RX-Vision That did not, however, prevent Mazda from displaying the RX-Vision concept car at the 2015 Tokyo Motor Show. Widely considered to be the star of the show, the dramatically styled coupe uses a rotary engine to achieve a very low hood height. Using the latest evolution of Mazda’s KODO design language, the RX-Vision has an extremely long hood with the cabin positioned way to the rear. The proportions and scale are surprising from a company like Mazda. In fact, the size and proportions hearken back to the days of the Japanese supercar race with the Toyota Supra, Nissan 350ZX, Mitsubishi 3000GT and the last Mazda RX-7. That was an era when each Japanese company was trying to out-do the other with higher and higher spec sports cars.
The RX-Vision is a sculpture in “soul red” a paint developed to accentuate the flowing lines of the car. Made to take advantage of shadow depth the color is vivid and head-turning. The color also makes the car almost impossible to photograph and even the professional shots used here don’t do the RX-Vision justice. It is a strikingly beautiful concept that likely will never see the light of day – at least in its present form.
Cheap and cheerful is gone. The 2016 Honda Civic sedan has raised the bar for a compact car to new levels. After realizing that the 9th generation 2012 Civic was a dud, and quickly adding band-aids for 2013, Honda has gotten very, very serious with the all new 10th generation Civic. In fact, for awhile there the automotive analyst and journalist community was sensing Honda was losing its mojo. After updates to the Accord, the new Pilot, the HR-V and now the New 2016 Honda Civic, it is clear Honda is back. Honda’s development name for the new Civic is “EPIC” Civic and it fits. To achieve this “epicness” Honda benchmarked not only the usual suspects, but also the C-Class entries from Audi, BMW and Mercedes.
For reference, the 2016 Honda Civic has 5 basic trim levels: LX, EX, EX-T(urbo), EX/Leather, Touring.
More Expressive Styling: While still quickly identified as a Honda, the new Civic is much more expressive than any Civic before it. The car is larger with a 3.0-inch increase in overall length and a 1.2-inch increase in wheelbase. The car is 0.8-inches lower and going back to an old Honda trick, its cowl is 1.6-inches lower giving better forward visibility. The car is lower and wider to give it the look of a more premium car. The Civic adopts its own version of Honda’s evolving face using an upscale looking grille. Innovative front lighting gives the car a unique look. LED daytime running lights are standard. The top-of-the-line Touring model has LED headlamps as well. The bodyside is creased as is today’s fashion with a slight bulge over the front wheels leading to a upper body character line ending in a muscular bulge over the rear wheels. The C-Pillar has a sharp crease separating the roof from the rear fender. The standard LED taillamps are huge V-shaped affairs.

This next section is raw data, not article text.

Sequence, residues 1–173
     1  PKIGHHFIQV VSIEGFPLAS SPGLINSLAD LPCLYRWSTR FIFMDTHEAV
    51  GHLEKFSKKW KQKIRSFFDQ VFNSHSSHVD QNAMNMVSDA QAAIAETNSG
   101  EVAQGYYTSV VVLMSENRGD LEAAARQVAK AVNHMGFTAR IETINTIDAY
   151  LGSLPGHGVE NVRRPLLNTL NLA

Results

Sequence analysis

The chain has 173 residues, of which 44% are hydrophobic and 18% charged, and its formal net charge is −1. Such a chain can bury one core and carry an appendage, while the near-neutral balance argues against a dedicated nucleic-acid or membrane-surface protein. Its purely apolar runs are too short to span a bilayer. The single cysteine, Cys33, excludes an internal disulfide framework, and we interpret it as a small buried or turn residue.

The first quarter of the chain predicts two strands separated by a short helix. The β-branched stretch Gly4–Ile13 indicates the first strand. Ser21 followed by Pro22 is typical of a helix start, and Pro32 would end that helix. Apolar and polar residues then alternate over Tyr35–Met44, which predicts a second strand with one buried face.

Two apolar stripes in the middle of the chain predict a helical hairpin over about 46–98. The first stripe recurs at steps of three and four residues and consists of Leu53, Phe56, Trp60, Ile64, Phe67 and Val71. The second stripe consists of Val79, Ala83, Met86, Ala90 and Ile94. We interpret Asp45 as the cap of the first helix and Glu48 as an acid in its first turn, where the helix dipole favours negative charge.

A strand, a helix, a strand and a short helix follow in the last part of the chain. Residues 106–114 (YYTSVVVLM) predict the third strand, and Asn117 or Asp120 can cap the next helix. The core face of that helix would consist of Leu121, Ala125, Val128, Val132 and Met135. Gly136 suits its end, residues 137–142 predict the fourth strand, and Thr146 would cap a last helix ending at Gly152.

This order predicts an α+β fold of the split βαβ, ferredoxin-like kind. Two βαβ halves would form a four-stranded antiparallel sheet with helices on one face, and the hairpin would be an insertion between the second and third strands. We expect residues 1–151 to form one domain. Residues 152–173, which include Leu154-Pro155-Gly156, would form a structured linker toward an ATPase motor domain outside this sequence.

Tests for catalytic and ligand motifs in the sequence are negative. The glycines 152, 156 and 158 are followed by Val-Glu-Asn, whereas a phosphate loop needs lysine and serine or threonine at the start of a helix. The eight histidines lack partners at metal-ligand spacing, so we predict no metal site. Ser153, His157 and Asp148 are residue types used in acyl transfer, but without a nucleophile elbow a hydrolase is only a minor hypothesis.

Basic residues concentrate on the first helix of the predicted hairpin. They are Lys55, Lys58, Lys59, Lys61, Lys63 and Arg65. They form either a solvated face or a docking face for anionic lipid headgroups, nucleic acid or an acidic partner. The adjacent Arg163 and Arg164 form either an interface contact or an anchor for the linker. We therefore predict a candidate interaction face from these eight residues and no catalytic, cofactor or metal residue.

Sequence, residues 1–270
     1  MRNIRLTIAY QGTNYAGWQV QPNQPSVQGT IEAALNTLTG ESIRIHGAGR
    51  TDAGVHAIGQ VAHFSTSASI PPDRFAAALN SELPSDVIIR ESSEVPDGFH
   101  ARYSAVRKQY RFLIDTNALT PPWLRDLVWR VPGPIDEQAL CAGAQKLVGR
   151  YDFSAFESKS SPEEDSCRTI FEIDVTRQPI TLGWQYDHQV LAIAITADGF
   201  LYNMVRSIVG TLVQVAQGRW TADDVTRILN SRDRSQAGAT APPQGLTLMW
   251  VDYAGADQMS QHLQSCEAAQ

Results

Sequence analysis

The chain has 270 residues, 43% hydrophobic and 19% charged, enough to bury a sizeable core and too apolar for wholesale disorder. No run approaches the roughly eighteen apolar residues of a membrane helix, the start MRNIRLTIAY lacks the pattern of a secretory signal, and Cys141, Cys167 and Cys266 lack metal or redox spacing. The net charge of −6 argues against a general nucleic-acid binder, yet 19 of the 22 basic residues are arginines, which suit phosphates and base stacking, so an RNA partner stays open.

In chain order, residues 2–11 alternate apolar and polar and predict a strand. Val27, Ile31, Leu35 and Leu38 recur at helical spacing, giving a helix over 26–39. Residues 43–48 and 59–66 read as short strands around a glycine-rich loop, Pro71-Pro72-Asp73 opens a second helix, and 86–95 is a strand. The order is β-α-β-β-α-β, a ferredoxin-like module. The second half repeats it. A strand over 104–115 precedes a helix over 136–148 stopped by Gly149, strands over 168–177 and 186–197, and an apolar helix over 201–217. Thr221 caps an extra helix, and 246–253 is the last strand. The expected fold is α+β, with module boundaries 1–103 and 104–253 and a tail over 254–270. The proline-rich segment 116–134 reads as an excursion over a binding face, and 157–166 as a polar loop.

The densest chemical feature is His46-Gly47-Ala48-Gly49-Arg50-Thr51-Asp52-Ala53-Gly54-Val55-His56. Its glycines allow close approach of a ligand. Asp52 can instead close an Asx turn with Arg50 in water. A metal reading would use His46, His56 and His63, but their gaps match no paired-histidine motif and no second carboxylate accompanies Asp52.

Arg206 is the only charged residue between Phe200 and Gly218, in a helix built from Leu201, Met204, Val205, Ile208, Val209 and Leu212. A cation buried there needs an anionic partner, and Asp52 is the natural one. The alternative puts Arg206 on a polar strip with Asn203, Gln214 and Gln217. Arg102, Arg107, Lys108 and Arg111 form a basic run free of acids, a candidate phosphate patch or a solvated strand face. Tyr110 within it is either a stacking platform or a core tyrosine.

Interior Much, Much More Upscale: The front edge of the instrument panel sweeps below the windshield in a smooth unbroken arc from A-Pillar to A-Pillar and continue down the door trim panel. This adds a sense of width to the car. The instrument panel pad feels very high quality and nowhere near the hard plastic some cars in this class had in the past. The seats are very comfortable – at least in the EX-L trim level with leather interior – and trimmed in high quality leather. The instrument cluster includes a digital speedometer surrounded by an analog tachometer. Nicely done. Honda has paid a lot of attention to the transformer-like center console. The conventional shifter is where you would expect, but ahead of the shift lever is an area for your cell phone or iPad mini. Next to the driver’s knee is the switch for the electronic parking brake. There is a sliding lid that reveals cupholders and space to hold an iPad. Since all Civics have keyless start, there is storage for the key in the console.